The examples in Satter’s book are understandably more extreme, and she says it takes four to six weeks for the patterns to change and the children to become less fussy at the table – provided the parents maintain their responsibilities of the what, when and where and don’t interfere with the kids’ exercise of their how much and whether responsibilities.

    I can see how this division of responsibilities encourages kids to be more adventurous, eat more vegetables, and generally be healthier eaters. But it presupposes that the parents are setting a good example, and so once I finish the second section of the book on raising good eaters, I’m going to turn my attention to the first section, “How to Eat,” to ensure that Marc and I are doing our parts as role models. I’ll keep you posted!

    Feeding the kids: The struggle continues

    At this rate, “Feeding the kids” is going to become a regular series around here. If you’ve been following along, you know that I’ve been having some trouble getting my sons to eat my cooking (and I’m a good cook, in all honesty). But it turns out that involving Alex in the meal planning doesn’t work too well because he’s not interested. It’s not about trucks and firemen and his other favorite things, after all.

    But I’ve only just begun to read the Ellen Satter book, Secrets of Feeding a Healthy Family: Orchestrating and Enjoying the Family Meal.Things have been crazy lately, but I have a couple of appointments coming up where I’ll be sitting in a waiting room, so I should be able to read some then. Hopefully the book will have some tips on getting Alex to actually want to help go through recipes and identify meals he’d like to try.

    Meanwhile, I recently made macaroni and cheese in the rice cooker. I’m afraid I can’t remember who recommended the recipe – I can’t seem to find the comment or email, so my apologies to the kind person who suggested I try it. I figured the kids would eat it – it’s macaroni and cheese, after all – and the idea of cooking it in the rice cooker was intriguing. I used the only “healthy” elbow macaroni that I can find (Barilla Plus), 2% milk instead of cream, and 2 cups of cheddar and 1 cup of mozzarella. Of course, I now realize as I write this that the recipe only called for 1 1/2 cups of cheese. But overall, I thought the macaroni and cheese was fine – kind of plain compared to what I usually make from scratch, but otherwise good.

    So of course, neither child ate it.

    Does anyone have a good recipe for using up leftover macaroni and cheese?

    Feeding the kids: A new approach

    Thank you for all of the emails and comments regarding my dilemma over feeding the kids and handling their rejection of my cooking. It’s nice to know I’m not alone, and it was very interesting and enlightening to read all of the different perspectives. Camille‘s comment in particular really grabbed my attention because I realized that she’s absolutely (and rather obviously) right: I haven’t been putting myself in the kids’ shoes enough.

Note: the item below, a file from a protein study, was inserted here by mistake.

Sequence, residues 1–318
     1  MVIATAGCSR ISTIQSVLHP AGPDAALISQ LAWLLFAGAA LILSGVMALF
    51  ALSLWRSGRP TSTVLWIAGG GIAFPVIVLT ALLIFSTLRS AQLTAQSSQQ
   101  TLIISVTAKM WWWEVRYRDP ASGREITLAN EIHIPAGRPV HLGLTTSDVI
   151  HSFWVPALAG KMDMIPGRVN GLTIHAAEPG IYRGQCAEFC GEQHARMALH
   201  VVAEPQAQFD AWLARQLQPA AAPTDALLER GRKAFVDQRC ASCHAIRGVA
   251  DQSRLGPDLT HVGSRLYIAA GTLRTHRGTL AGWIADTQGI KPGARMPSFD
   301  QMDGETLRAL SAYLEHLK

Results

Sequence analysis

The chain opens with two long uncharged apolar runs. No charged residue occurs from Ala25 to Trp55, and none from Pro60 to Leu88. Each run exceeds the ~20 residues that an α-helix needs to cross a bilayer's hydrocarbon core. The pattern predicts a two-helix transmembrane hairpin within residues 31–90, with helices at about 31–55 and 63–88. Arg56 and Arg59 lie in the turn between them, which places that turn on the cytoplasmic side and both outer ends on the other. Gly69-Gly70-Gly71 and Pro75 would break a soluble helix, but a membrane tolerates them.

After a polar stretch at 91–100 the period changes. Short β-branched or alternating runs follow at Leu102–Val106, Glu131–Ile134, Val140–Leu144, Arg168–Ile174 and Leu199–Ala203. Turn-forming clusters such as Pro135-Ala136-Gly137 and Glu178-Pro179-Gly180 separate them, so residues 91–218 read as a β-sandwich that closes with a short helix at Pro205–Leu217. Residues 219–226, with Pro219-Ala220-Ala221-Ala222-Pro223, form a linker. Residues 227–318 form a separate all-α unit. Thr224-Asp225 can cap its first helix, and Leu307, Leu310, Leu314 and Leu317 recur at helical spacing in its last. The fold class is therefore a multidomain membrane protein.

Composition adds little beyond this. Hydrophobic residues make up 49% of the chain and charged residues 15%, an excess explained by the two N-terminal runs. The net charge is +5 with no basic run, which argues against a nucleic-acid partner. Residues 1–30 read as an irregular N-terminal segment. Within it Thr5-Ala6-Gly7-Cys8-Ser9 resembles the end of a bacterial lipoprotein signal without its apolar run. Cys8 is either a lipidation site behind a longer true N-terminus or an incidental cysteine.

I haven’t been asking myself on a regular basis if they’d be interested in what I was planning to make, let alone asking them (or at least Alex) if they’d be interested. I’ve been more focused on cooking things that I want to eat, rather than things they might be willing to try.

    Which isn’t to say that I haven’t made things that I was sure they would like, only to have them rejected upon sight. (Like the bolognese with alphabet shaped pasta, as I previously mentioned.) But overall, I have to admit that I haven’t been respectful enough of the boys’ opinions.

    So last week, I pulled out my folder of new recipes while Alex was eating and asked him what he’d like for dinner that night. We ran through a few general categories and he picked (unsurprisingly) pasta. I pulled out my pasta recipes and showed him a few that I thought he might be interested in, but all he said was, “That sounds yucky.”

    Then I got to a page from an old Martha Stewart Kids issue, which included a recipe for Baked Rigatoni Cake. “That looks yummy.” Okay, we had a winner.

    I considered making the “cake” with whole wheat penne, because I’ve never been able to find whole wheat rigatoni. But I really needed a flat end, so I had to use regular rigatoni. Instead of making the sauce in the recipe, I just pulled out some frozen bolognese base and made some of our favorite bolognese. It wasn’t as red as the sauce in the picture, but it was probably a lot tastier. The rigatoni wasn’t as hard to assemble as I thought it would be – in fact, it wasn’t hard at all. And one pound was the exact right amount for a 9-inch springform pan.

    I even assembled the “cake” in the early afternoon, wrapped the bottom of the pan in foil to catch any seeping liquid, and parked the pan in the fridge while we went out on a play date. When we got home, I popped the pan into the oven, adding about ten minutes to the baking time since everything was cold.

    Alex didn’t actually help me with the cooking process – he wasn’t really interested, although I did call him over to watch me set up the rigatoni in the pan. And throughout the day and at dinner, I emphasized that we were having something he’d picked out and requested.

    It worked. He didn’t actually love the dish, but because he felt some ownership of it, he ate a decent amount.

    I freely admit that I’m not thrilled with the nutritional content of the dish, but only because the pasta wasn’t whole wheat. And it was a good start. It made me realize that I need to include the boys more in the menu planning that I do.

    Camille recommended books by Ellen Satter, and subsequent commenter Dina echoed the endorsement. So I ordered Secrets of Feeding a Healthy Family: Orchestrating and Enjoying the Family Meal.It sounded like what I needed, particularly the parts on ways to involve kids in the kitchen and guidelines on adapting menus for young children. I’ll review the book after I’ve had a chance to read it and implement its suggestions.

    Thanks again, everyone!